The lesson of EMI is not that media industries are unique, but that you can lose a lot of money if you overpay for a company with a broken business model, as you can in any other industry.
EMI, Britain’s leading entertainment business, not only promoted the Beatles but pioneered computers, television and medical scanners. Today the company is struggling to avoid becoming the UK’s highest-profile private equity failure.
Some people think the travails of EMI are a just rebuke to those who would treat media as merely another industry. Creative people need the love that bean counters cannot provide. And not just love: executives at Terra Firma, its private equity owner, were appalled to find a £200,000 budget for fruit and flowers.
So media businesses are not to be run by ordinary mortals, but require moguls – larger-than-life individuals like Sam Goldwyn, who chomp cigars while uttering mangled yet profound aphorisms, and have an uncanny capacity to identify talent and foster it. The most beautiful women in the world vie to jump into the mogul’s bed. Many middle-aged corporate executives entertain this fantasy. Jean-Marie Messier was beyond parody: he attempted to turn a French water company into a global entertainment conglomerate – Vivendi – before being driven from office by the French elite and banned from US boardrooms.
The notion that media industries are different is challenged in a new book by Jonathan Knee, Bruce Greenwald and Ava Seave, The Curse of the Mogul. They observe the prevalence of the mogul: of the 15 largest US media businesses, 11 have complex share structures designed to sustain control in the hands of the current chief executive and his family. But judged by the ordinary standards of earnings and return on investment, the results have been dire. The farce of Vivendi followed the “worst deal in history”, the merger of Time Warner and AOL. But these are only the most extreme manifestations of the systematic destruction of shareholder value through the industry’s frenetic rounds of acquisitions and disposals.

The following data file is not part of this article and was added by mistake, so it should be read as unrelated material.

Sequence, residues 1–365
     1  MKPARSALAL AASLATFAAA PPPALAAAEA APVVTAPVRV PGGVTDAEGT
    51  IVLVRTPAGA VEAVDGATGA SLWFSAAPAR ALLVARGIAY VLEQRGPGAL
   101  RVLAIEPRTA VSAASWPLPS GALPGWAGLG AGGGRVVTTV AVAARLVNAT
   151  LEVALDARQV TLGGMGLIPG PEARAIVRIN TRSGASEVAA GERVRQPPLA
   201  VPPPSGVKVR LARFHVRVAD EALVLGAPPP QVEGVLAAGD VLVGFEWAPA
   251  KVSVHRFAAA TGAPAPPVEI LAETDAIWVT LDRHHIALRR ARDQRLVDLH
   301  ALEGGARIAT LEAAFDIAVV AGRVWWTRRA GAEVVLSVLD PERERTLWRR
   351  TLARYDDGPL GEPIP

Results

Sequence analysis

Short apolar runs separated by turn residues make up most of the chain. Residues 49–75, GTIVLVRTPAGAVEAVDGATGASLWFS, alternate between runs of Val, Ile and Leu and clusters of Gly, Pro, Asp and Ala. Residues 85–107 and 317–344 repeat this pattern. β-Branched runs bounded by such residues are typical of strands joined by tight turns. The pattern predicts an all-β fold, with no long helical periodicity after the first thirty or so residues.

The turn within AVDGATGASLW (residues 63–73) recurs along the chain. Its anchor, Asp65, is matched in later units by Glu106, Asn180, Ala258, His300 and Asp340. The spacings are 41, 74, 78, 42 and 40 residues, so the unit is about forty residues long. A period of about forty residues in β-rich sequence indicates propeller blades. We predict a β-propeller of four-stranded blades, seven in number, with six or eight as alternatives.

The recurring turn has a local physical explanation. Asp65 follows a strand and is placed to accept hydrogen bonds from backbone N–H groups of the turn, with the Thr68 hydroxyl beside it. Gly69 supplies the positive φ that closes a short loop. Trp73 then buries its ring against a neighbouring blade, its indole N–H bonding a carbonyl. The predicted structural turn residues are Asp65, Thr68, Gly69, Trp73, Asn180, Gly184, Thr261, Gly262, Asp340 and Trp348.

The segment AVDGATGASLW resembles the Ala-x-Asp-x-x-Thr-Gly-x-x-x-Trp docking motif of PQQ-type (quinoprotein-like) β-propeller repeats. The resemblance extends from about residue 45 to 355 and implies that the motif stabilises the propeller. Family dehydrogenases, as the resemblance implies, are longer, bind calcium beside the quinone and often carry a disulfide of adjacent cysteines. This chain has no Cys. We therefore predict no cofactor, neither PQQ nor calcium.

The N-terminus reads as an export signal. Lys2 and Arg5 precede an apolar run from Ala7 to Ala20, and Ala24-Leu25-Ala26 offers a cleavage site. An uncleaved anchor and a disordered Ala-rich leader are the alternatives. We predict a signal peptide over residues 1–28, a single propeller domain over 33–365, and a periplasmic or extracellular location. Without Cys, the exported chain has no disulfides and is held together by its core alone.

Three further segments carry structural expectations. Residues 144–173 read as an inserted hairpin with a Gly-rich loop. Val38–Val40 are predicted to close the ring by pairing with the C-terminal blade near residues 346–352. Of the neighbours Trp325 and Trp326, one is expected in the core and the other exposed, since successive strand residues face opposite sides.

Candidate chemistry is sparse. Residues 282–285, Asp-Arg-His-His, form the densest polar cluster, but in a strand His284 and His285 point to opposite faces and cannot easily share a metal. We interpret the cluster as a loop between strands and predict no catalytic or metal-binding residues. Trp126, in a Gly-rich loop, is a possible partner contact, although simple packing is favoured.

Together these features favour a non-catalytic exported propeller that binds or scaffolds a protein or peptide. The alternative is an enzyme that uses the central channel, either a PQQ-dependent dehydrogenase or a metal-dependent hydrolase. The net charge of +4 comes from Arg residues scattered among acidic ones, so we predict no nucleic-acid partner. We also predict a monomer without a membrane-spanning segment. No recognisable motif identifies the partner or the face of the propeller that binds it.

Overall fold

The moguls have justified this dealmaking with platitudes: the importance of globalisation, the necessity of convergence and the slogan that content is king. Mr Knee and colleagues demolish the business arguments derived from these banalities. Songs and films may be enjoyed globally, but the most consistently profitable media businesses are in market niches. Often these niches are defined by local geography – regional cinema chains and cable networks, newspapers in small towns. Convergence of media does not necessitate convergence of companies: the erosion of boundaries between activities is a threat to profitability, not an enhancement, because it reduces barriers to industry entry. There is truth in the claim that content is king, but content belongs to those, such as J.K. Rowling and Steven Spielberg, who create it and reap a large proportion of the rewards.
But such remonstrances will make no difference. The belief that a small number of talented individuals have a unique ability to understand how the complex industry will evolve and to create value for investors through their insight is firmly held, especially by those who believe they have such talent. There is just enough validity in the idea for it to stop short of mental derangement. A few business people, such as Rupert Murdoch, have indeed demonstrated a capacity to identify undervalued business opportunities. But not many.
Still, the fantasy of the strategic visionary is vigorously promoted by management consultants, investment bankers and analysts. Today’s moguls are mobbed, not just by starlets anxious for parts, but by graduates of the finest business schools anxious for fees. With such people always at your side, a realistic appraisal of one’s own abilities is hard to make.
The lifestyle of the mogul is an attractive one, but not for investors in their businesses. A fixation with revenues and costs, though more financially rewarding, is less glamorous than life with the stars. The lesson of EMI is not that media industries are unique, but that you can lose a lot of money if you overpay for a company with a broken business model, as you can in any other industry.